It’s that back -to-school time of year where both children and parents are getting used to different schedules and activities. During summer vacation, parents occasionally let their children stay up past their regular bed times or sleep-in later in the morning. But the demands of the day care, pre-school or school schedule require that children get adequate sleep nightly.
The sleep needs of children are different than those of adults.
Naturally, babies need the most sleep, 14-17 hours for newborns, 12-15 hours for infants four to eleven months, 11-14 hours for toddlers, ages 1 and 2, ten to 13 hours for preschool age children, three to five years old, and 9-11 hours for six to thirteen year olds.
Children need more sleep than adults due to their rapid physical and mental growth. It’s important to be aware that tired children don’t necessarily slow down as adults do. Sometimes, they will act wound up, resisting bed time. This is most likely because they are over-tired. Research shows that an early bedtime, between 7:00 p.m. and 8:00 p.m. works best for babies and kids through school age.
With your pre-school and school age children, it’s important to establish a bed-time routine. If your family finishes dinner around 6pm, you can start the bed-time routine immediately afterward. It could include drawing a bath, brushing teeth, putting on pajamas and finally reading or telling stories together. If your child hasn’t fallen asleep during the story reading, humming or singing some favorite lullabies will probably do the trick. Some parents put on a dvd of quiet music or ocean or forest sounds when they leave the bedroom. Some children enjoy a light back rub to help them relax. If there is a large age difference between your children and you need to attend to the younger one(s), guide the older ones to their own independent activities once they finish their night time preparations. Older children might be capable of gathering what is needed for the next day of school in their backpack or packing their own lunches, with you doing a double-check when they are finished. Of course, the bedroom itself should be conducive to relaxation and sleep, away from house noises such as the t.v. or rattling sounds from the kitchen. Many children appreciate a night light in their room or in the hall outside.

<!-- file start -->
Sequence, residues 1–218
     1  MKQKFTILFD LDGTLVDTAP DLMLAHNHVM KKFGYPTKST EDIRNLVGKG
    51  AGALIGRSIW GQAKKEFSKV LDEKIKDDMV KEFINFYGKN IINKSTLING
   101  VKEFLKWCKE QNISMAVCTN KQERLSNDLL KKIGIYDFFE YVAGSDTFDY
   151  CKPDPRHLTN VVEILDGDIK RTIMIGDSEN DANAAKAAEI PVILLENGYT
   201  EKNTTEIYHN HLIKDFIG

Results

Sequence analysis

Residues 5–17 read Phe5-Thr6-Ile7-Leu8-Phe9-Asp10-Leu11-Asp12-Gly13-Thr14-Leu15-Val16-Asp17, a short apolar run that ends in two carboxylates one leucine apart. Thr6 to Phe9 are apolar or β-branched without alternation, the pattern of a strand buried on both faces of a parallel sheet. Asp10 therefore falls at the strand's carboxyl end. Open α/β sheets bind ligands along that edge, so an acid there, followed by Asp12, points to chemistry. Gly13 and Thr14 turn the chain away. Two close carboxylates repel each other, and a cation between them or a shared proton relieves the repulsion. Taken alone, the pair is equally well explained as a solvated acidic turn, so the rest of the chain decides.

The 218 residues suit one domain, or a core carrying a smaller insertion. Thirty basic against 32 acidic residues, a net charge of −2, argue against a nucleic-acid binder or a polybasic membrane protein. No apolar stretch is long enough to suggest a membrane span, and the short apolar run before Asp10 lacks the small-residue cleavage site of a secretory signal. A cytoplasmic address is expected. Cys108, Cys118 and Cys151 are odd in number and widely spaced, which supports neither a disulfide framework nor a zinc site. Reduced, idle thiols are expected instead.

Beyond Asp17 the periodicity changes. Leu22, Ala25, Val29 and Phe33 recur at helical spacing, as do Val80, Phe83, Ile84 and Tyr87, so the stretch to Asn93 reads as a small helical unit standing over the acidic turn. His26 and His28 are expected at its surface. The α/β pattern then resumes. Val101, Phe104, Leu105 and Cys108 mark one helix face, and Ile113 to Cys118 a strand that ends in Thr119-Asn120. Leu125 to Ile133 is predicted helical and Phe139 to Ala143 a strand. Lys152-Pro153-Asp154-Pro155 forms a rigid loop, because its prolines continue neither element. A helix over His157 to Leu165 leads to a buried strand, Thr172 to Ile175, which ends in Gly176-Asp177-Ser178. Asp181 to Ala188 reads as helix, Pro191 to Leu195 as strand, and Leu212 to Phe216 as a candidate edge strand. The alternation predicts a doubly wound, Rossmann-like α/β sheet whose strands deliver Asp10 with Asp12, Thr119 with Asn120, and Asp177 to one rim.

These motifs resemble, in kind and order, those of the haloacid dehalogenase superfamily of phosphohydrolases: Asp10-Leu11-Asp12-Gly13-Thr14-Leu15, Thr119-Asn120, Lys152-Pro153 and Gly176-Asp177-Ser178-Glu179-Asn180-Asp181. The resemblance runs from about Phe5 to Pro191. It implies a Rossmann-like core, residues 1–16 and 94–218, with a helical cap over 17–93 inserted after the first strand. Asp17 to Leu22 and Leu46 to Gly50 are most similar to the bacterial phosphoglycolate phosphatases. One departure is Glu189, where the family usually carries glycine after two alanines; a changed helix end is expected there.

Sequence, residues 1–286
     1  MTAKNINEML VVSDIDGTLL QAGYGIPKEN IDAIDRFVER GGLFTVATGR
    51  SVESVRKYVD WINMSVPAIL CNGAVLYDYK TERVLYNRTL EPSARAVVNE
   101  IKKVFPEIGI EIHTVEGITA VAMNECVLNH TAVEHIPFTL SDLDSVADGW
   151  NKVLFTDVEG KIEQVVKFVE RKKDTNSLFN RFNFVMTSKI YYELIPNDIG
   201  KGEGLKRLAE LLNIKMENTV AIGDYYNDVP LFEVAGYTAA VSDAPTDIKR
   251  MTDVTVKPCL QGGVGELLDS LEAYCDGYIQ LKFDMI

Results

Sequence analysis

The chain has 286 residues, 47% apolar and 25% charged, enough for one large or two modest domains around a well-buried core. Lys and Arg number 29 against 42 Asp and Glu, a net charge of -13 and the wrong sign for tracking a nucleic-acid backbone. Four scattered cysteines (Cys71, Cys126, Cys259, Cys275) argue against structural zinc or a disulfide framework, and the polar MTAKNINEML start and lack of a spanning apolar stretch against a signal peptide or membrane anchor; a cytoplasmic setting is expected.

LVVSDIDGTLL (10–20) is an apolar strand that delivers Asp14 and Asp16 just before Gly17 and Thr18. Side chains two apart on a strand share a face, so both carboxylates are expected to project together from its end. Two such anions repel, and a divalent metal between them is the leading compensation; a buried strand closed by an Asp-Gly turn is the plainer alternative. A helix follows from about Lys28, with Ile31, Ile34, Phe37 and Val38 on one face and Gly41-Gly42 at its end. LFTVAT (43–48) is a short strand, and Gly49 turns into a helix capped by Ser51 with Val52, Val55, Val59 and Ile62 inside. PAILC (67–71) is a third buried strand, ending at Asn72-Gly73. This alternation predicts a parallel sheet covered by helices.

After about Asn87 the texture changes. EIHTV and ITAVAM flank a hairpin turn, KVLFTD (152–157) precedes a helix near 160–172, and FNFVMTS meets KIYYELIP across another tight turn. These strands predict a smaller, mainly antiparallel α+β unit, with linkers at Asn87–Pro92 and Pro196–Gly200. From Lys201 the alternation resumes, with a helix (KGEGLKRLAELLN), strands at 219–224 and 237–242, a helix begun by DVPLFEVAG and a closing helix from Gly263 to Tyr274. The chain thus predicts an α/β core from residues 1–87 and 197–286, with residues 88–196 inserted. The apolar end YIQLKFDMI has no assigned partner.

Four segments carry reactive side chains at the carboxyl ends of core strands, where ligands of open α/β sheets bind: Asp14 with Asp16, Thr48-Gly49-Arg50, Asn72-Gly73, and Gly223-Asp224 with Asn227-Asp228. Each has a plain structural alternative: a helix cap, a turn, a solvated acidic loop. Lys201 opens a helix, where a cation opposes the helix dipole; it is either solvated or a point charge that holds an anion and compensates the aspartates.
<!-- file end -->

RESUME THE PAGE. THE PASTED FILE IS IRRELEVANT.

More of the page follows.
A regular bed time routine creates safety and predictability for the children. It will help them sleep better, which will help you to sleep better! It provides quality time with your child(ren) at the end of a busy day.
Finally, pay attention to signs your child is ready for a new bed. If your child is complaining that s/he can’t get comfortable or the mattress is more than seven years old, it may be time to purchase new bedding. Let your child participate in decisions concerning sheets or covers or something special related to their sleep time. It will help teach them decision making and if they have chosen something they like, they will be that much more eager to co-operate at bed time.